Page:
TL;DR – This has an intriguing premise and a clear visual style but struggles in areas like how it represents some of the conflicts.
Rating: 3.5 out of 5.
Disclosure – I paid for the Paramount+ service that viewed this series.
The Bridge Australia Review –
Regarding competition television shows, they can capture my heart like Survivor and make me watch season after season. Or I bounce off quicker than that time they tried to do Survivor but on a pirate ship. However, I am always looking for something new in this area which is where I found gems like Lego Masters. Today, I am looking at the first three episodes of The Bridge Australia to see which side of the coin it will land. Will it suck me in, or will it end up on the bottom of a Tasmanian river?
So to set the scene, there is a river deep in the wilderness of Tasmania, and in that river is a $250,000 prize sitting on an island beckoning them to claim it. All the twelve participants must do is work together and build the titular 330-meter bridge from the materials around them. They have 17 days to work together to get across the island while a guardian blinks with its red light and tempts those making the trip.
TL;DR – A look into the world of Rubik’s Cubes and those who can solve them in under 7 seconds.
Post-Credit Scene – There is no post-credit scene
One of the great things about documentaries is when they take you into a world that you have no idea about. Today we get a film that does just that, with the world of Rubik’s Cubes. I don’t get Rubik’s Cubes. My brain cannot compute them. The skill involved boggles my mind, so watching it all unfold is a real joy.
Where this documentary works is by offering us an insight into a world that everyone has a handle on but then also something you can’t quite comprehend. I think everyone has played with a Rubik’s Cube at some point in their lives. It is a novelty thing, that let’s be honestly more than a few of us have only finished one because we pealed the colour panels off and switched them around. It is a tactile situation that we can all relate to, so when you see people move their fingers in a blur and shift chaos into order in mere seconds.
TL;DR – While not as binge-able as some of its competitors, it is still a bunch of fun with a ridiculous premise.
Score – 3.5 out of 5 stars
As a young person, I think everyone has played ‘The Floor is Lava‘ much to the castigation of our parents as that one fragile item becomes a casualty of the chaos. So it is almost surprising that someone has not tried to turn it into a competition show before, well now we get to see if it can work or if it is something best left to the imagination.
So to set the scene, three teams enter into a room full of lava (red coloured water) with a set of themed obstacles between the entrance and exit. We have a basement (museum), a bedroom, a planetarium, a study and a kitchen. There are multiple routes through the room, some harder than others with objects throughout that can make things easier. But it would be best if you were careful because one slip and you’re in the water, I mean lava, and the longer you take, the more the steps slip into the red making everything harder.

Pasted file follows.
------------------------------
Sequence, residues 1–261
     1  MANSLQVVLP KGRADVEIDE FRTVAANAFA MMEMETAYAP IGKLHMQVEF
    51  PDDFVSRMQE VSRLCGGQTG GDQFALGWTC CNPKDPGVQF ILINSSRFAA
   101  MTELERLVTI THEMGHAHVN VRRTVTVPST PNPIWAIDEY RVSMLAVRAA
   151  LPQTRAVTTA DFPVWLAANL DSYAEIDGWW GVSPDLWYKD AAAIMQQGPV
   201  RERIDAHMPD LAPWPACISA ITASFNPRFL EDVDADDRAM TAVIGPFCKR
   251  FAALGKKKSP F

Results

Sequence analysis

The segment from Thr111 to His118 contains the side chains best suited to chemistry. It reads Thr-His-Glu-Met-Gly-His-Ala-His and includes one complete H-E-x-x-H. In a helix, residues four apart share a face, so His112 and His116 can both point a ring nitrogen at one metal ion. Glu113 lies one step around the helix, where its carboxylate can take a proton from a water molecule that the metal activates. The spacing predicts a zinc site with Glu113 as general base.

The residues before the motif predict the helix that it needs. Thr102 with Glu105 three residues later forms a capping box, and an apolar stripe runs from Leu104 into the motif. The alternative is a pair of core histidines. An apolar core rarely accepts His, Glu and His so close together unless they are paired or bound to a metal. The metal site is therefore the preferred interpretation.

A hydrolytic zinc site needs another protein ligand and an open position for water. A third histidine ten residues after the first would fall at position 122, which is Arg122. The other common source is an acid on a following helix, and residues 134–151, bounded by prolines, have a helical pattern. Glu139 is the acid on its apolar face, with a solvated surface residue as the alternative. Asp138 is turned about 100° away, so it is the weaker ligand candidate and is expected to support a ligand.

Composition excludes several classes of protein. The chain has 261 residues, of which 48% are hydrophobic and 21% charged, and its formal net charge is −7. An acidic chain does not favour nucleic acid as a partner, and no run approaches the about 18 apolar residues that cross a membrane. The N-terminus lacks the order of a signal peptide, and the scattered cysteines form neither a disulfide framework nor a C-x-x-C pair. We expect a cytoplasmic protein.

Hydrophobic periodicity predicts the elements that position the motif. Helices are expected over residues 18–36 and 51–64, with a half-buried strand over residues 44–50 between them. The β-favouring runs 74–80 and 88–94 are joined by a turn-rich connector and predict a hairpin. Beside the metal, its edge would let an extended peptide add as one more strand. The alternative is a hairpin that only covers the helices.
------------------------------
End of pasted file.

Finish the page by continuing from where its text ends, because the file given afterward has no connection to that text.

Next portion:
TL;DR – This is a fascinating twist on the competition show format because it has real stakes that ground everything.
Score – 4 out of 5 stars
I’ve watched a lot of competition shows in my time, everything from trapping people on an island and watching them pick each other off, to sitting and loving people building Lego constructions. However, it has been a long time since I have watched something new, well today we have just that with the joint Netflix/BBC show Win the Wilderness.
So to set the scene, in the deep in the Alaskan wilderness is a house on Ose Mountain, it is far from the nearest town and can only be accessed by plane. Living on Ose Mountain are Duane and Rena who built the house with their bare hands. However, Duane and Rena are getting too old to be able to have the energy to maintain the property and it is time to give their legacy to someone else. So, six couples from the United Kingdom Matt and Rachel, Mark and Emily, Chris and Tina, Theo and Bee, Laura and Jerome, and Pete and Jane have flown into central Alaska with one thing on their minds, to prove that they can continue that legacy.
TL;DR – The second outing is a much more streamlined production, learning from the mistakes from the first season, but falls a bit in its casting.
Score – 3.5 out of 5 stars
So at the start of the year a small little gem dropped on Netflix called Ultimate Beastmaster, a show clearly inspired by Ninja Warrior but with a big twist. This time around it was a multi-national competition with competitors and hosts from six different countries, with each country getting a different final cut. Some hailed it as the beginning for a new age of global television, I wouldn’t go that far, but it was a nifty concept. Well, it is the end of the year and Netflix has given us a little end of year surprise with Season 2 dropping much earlier than I expected it to. So today we are going to take a look at the highs and lows of Season 2 of Ultimate Beastmaster.